September 25th, 2005

Cinema Dave  Swashbuckling ournalist and

Emmy and Culture of Life Thoughts

While I was disappointed for Peter Boyle, I was
thrilled to see that “Everyone Loves Raymond” won the
Emmy Award for Best Comedy. It was also appropriate
that Brad Garrett and Doris Roberts won Emmys for
supporting awards, because “Everyone Loves Raymond”
was a pure ensemble comedy. There is a timeless
quality to “Everybody Loves Raymond” that places this
television show on the pantheon of favorite television
sitcoms from television’s 50 year history. The
program avoided topical references and avoided the
ratings gimmicks of presenting the dreaded “special
episode.” “Everybody Loves Raymond” celebrated
everyday life.

Patricia Heaton and her husband, David Hunt, produced
and directed their celebration of small town life in
“The Bituminous Coal Queens of Pennsylvania.” This
fine documentary presents a world where the culture of
life is respected and affirmed in all of it’s
eccentric glory. This project seems close to the core
beliefs of the Hunts, given that Mrs. Hunt is the Life
Honorary Chair for “Feminists for Life of America,”
whose motto is “Woman Deserve Better than Abortion.”
Now that she is retired from “Raymond,” Patrice Heaton
had inked a contract with the ABC Network, which
happens to be owned by Walt Disney. Given the Hunt’s
Mission statement on their Four Boys website, look for
similar television projects that illuminate the human
condition in all its terrifying glory.
Cinema Dave  Swashbuckling ournalist and

"Just Like Heaven," the opposite of "Million Dollar Baby"

“Just Like Heaven” is the recent box office champion
that was bedeviled by most mainstream critics. While
the comedic elements do not always work, this romantic
ghost story flies in the face of recent contemporary
entertainment, most notably the 2004 Academy Award
Winner, “Million Dollar Baby.” While it is not stated
in the promotional trailers, “Just Like Heaven” deals
with the subject of euthanasia and the painful choice
to pull one’s plug or not.

Medical doctor Elizabeth Masterson (Reese Witherspoon)
is a workaholic. After working a 26-hour shift,
Elizabeth learns that she has been promoted to
attendant surgeon and she drives home to celebrate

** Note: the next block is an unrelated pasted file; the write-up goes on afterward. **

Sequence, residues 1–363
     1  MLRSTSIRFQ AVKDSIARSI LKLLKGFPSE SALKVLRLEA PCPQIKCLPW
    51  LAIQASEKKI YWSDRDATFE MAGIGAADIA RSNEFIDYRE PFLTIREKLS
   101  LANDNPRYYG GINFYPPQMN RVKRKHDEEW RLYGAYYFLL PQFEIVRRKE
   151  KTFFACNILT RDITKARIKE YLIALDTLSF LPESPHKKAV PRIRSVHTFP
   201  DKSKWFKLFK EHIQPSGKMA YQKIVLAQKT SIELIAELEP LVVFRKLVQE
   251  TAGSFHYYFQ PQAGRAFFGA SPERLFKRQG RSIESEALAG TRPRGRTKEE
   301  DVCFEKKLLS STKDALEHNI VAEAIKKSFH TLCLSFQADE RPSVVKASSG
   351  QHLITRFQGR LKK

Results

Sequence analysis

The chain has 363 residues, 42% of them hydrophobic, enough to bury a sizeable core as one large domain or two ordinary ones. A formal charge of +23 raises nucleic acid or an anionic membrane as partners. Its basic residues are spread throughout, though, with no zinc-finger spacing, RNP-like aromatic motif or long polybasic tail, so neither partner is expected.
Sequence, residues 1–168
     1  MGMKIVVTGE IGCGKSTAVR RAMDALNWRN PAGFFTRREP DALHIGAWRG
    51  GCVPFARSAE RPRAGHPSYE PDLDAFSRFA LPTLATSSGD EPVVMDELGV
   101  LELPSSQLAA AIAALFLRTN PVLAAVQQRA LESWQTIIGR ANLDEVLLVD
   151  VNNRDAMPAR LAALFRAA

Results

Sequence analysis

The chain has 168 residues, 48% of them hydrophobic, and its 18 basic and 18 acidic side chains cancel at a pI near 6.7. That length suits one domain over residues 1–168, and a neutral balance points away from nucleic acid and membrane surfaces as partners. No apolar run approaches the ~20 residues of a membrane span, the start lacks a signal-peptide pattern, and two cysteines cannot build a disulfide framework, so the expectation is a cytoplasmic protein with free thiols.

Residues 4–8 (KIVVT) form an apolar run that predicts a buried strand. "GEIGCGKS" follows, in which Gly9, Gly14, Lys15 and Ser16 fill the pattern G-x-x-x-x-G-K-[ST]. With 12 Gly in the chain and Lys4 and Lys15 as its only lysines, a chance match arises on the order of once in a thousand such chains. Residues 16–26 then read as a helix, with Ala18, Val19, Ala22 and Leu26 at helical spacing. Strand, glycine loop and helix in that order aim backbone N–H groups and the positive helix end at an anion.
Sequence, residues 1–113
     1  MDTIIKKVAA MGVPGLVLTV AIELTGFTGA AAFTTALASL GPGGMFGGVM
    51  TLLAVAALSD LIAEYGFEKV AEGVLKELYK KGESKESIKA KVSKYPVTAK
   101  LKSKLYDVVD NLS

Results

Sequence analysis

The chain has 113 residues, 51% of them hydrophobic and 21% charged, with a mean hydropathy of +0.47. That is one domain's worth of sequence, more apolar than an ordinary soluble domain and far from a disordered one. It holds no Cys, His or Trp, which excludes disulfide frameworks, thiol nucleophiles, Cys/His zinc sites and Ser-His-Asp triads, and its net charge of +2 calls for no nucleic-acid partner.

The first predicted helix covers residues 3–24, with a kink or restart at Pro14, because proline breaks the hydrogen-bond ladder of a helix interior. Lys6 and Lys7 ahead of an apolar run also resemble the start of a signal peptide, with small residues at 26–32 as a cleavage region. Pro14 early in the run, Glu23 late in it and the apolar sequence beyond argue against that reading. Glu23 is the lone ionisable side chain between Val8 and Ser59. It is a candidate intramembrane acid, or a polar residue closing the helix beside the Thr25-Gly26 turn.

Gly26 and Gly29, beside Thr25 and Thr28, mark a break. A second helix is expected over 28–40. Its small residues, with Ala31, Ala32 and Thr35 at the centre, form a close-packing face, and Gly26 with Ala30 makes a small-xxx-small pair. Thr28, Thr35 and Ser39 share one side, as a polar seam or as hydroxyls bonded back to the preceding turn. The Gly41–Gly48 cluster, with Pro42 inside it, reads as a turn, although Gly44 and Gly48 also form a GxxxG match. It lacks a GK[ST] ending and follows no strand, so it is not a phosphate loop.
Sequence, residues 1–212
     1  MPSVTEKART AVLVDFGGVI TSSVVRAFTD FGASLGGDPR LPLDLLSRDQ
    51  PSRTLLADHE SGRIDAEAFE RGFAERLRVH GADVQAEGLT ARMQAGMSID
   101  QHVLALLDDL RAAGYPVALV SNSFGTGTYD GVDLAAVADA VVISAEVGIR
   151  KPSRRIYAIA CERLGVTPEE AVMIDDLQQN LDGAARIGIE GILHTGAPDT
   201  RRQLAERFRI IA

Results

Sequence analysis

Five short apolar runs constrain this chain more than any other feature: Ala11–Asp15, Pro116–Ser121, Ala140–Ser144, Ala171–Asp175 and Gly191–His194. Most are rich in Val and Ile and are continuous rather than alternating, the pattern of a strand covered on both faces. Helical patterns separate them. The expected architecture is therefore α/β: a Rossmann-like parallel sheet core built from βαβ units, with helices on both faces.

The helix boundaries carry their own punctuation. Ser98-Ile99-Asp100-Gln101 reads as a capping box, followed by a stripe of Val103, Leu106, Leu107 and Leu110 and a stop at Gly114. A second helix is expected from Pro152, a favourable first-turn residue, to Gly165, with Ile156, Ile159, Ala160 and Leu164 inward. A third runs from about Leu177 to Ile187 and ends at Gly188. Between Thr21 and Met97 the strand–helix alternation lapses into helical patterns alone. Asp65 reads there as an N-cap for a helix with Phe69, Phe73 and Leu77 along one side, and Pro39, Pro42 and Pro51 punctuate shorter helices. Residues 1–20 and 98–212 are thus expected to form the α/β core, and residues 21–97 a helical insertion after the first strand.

with her family and a blind date. She gets run over
by a truck. Three months later David (Mark Ruffalo)
sublets Elizabeth’s old apartment. He is in grief and
is visited by Elizabeth’s apparition.

Both David and Elizabeth's spirit are in a state of
bewilderment and seek advice from the Roman Catholic
Church, I Ching specialists and the local chapter of
the San Francisco Ghostbusters. When these
visitations prove fruitless, Elizabeth's ghost and
David seek the wisdom of Darryl (Jon Heder), a clerk
in a bookstore. If one has ever read “Sleeping
Beauty” or “Snow White,” one can figure out the rest
of the plot.

The San Francisco scenery adds to a heavenly quality
and there is sweetness to this film that is not
diabetic. Reese Witherspoon and Jon Heder make this
film work on a quirky level. While no Jim Carrey or
Steve Martin, Ruffalo pulls off a hilarious moment of
slapstick in a bar full of San Francisco regulars.

“Just Like Heaven” is not likely to have the same box
office receipts of “Legally Blond” or “Freaky Friday.”
Yet this new film is likely find enjoyment on some
cozy Sunday afternoon after football season. “Just
Like Heaven” is thought provoking in a positive way.
Cinema Dave  Swashbuckling ournalist and

"The Thing About Peter Falk," a romantic comedy of the ages

Like most people, 87 year old Sye has bemoaned the sad
state of the recent motion pictures. Sye has not had
a good word for a movie until “The Thing about my
Folks” was released last weekend. Sye found it “Cute”
and he enjoyed that it was a nice “father-son movie.”
The audience I saw this movie with were of unanimous
opinion with Sye.

Written by and costarring Paul Reiser, “The Thing
About My Folks” is a slice of everyday life of an
American family. Narrated by Ben Kleinman (Reisner),
“The Thing about My Folks” begins with a son's
recollections about his father, Sam Kleinman (Peter
Falk). Sam has paid an impromptu visit to his only
son's family and sheepishly announces that his wife of
40 years has left him.

Since she only left a goodbye note, the son takes the
father on a diversionary road trip to a farm he is
thinking of purchasing. After a car accident, Sam
purchases a 1940 Ford and begins a road trip with his
son. While on the road, the father and son share a
baseball game, line dancing and discuss generational
differences.

The thing about road movies is that they feel
improvised. One scene features the
Klienman boys on a fishing exposition. Neither men
know how to fish, but both men seem intent on telling
the other what to do. Given their experiences on
stage and the comic circuit, respectively, Falk and
Reiser ham and egg it in a realistic way.

Inspired by his father, Reiser has stated that he
wrote his screenplay with Peter Falk in mind. Falk
proves that he still has gravitas. Falk shines with
moments of warmth, anger and humor. Given his life
experience, Falk makes Sam Klienman a charismatic
figure with a quiet dignity.

Director Raymond De Felitta and cienamtographer Dan
Gillham create a fine post card of upstate New York
during Autumn. As the 1940 Ford treks over the rivers
and brooks, the jazzy musical score creates an
irresistible visual poetry.

“The Thing about my Folks” is an ode to joy. While
the mother's motives are mysterious, Reiser's
screenplay creates no villains. Each character is a
flawed individual with a capacity for hope and love.
"The Thing about my Folks" is a rare movie nowadays
that presents an ensemble cast of characters with
noble motives.